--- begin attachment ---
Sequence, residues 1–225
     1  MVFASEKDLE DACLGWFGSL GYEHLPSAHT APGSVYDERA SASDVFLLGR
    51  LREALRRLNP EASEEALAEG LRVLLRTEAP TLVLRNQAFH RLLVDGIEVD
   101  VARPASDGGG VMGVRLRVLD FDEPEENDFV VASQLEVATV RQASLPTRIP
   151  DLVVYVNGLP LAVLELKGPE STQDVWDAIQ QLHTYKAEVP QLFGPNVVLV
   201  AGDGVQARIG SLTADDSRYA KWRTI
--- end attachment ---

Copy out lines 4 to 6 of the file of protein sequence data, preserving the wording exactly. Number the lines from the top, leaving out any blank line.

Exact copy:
   101  VARPASDGGG VMGVRLRVLD FDEPEENDFV VASQLEVATV RQASLPTRIP
   151  DLVVYVNGLP LAVLELKGPE STQDVWDAIQ QLHTYKAEVP QLFGPNVVLV
   201  AGDGVQARIG SLTADDSRYA KWRTI